Engines and performance
Tata is offering all-new petrol and diesel engines in the Nexon. Both can be upgraded to BS-VI norms as and when the mandate comes in. While the basic architecture of the 1.2-litre indirect injection turbo-petrol engine is the same as the Tiago’s 3-cylinder motor, Tata says that they have used all the know-how from the Zest's turbo petrol unit and incorporated it here. So while the block remains the same, the engine is lighter than the Zest’s turbocharged unit and also makes 110 PS of power and 170 Nm of torque. These figures in the compact SUV segment are lower than that of only the EcoSport’s 125 PS turbo-petrol engine.
The diesel, in the meanwhile, is a 1.5-litre unit that makes the same amount of power as the petrol but a significantly higher 260 Nm of torque. Both the engines are mated to 6-speed manual transmissions, with AMTs to be slotted in at a later date. Tata also offers the aforementioned Drive modes in both the variants. The Drive modes can be accessed via the rotary knob and can be changed on the move. The good part about this dial is that whatever mode you’ve selected, there will be an audio note telling you the selection and the colour of the infotainment system too changes a la Mini Cooper style. The dial also remembers the last selection made and sticks to it even after the car has been switched off.
The 110 PS/260 Nm 4-cylinder diesel motor is good for cruising and is claimed to deliver a higher fuel efficiency than the Brezza. We had a go at the turbo petrol engine first. At start-up, the engine has decent refinement; however, on the move, it is audible. There is some amount of turbo lag and the motor isn’t that happy sitting at high revs. What it is happy doing is cruising. At around 1,600 rpm, the engine is doing 100 clicks in top gear. Good for those efficiency numbers then. It is also tractable and even at a higher gear and low revs, the engine is happy. For example – 40 kmph in fourth gear is possible and the engine doesn’t really protest. But if you want quick acceleration, you need to drop a couple of gears before making any progress. The hairpins up Idukki dam were taken in second gear; however, the moment brisk acceleration was called for uphill, I had to downshift. Rowing through the gears though is pretty much fun as the gearbox is slick. Vibrations are present though and manifest through the pedals and gear lever. However, they aren't at an alarming level.
The new 1.2-litre 3-cylinder turbo-petrol engine isn't the same one used in the Zest. It is lighter and also makes 20 PS more. The torque rating is 170 Nm. The diesel, in the meanwhile, sounds as refined as the Brezza’s unit. It, however, is the punchier of the two motors. The clutch is light and has a short travel while the gearshift too is smooth. Surprisingly, the diesel is a bit more eager to rev than the petrol. Tractability remains common for both with the exception that hurried progress doesn’t really require dropping a gear in the diesel. This will be the engine to watch out amongst the two. It has less turbolag and gets the job done in a better fashion.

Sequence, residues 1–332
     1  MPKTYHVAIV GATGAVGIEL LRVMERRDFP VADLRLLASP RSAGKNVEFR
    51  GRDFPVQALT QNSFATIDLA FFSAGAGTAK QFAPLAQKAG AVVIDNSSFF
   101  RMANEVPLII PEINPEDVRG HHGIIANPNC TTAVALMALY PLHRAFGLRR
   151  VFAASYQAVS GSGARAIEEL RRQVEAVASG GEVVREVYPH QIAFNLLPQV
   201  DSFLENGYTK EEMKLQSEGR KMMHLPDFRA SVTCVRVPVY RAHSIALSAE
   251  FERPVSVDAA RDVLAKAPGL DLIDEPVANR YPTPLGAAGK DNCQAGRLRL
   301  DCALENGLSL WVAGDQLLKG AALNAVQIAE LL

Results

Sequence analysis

This knob replaces the earlier button system that allowed one to select the Drive modes. It is easy to use and can be used on the move. Plus you get an audio reminder of the mode you've selected, and the mode stays on till you manually change it. This stays good even after the car is switched off.
The Drive modes do alter the engine mapping and throttle setting, but over the years Tata Motors has refined it. The Sport mode no longer feels snappy. Instead it is quite linear. Around 70 per cent of our first drive review was done in this mode. City is the apt one for err…in the city while Eco dulls out the throttle response and requires a bit more of patience when hurried progress is to be made.
The Tata Nexon is a very good effort from the manufacturer. It is sub-4m, has the good looks to boost its sales, space inside the cabin is good too and the engines also deliver decent performance. Knowing Tata’s pricing strategy, expect the Nexon petrol to start from Rs 6.5 lakh with the top-spec diesel will be priced just shy of Rs 10 lakh. At this point, it will undercut its biggest rival, the Maruti Suzuki Vitara Brezza, by a good Rs 50,000. Plus the Brezza still doesn’t come with a petrol engine.
Tata Motors will launch the Nexon in India this September. The company says that they have already started taking bookings and by the time the car actually goes on sale, most of the small issues we mentioned in this review will be ironed out. Back to our question then. Will the Nexon be the next one? It will be for Tata Motors but whether or not it will be the segment leader, only time will answer.
Published Date: Aug 17, 2017 05:04 pm | Updated Date: Aug 17, 2017 05:04 pm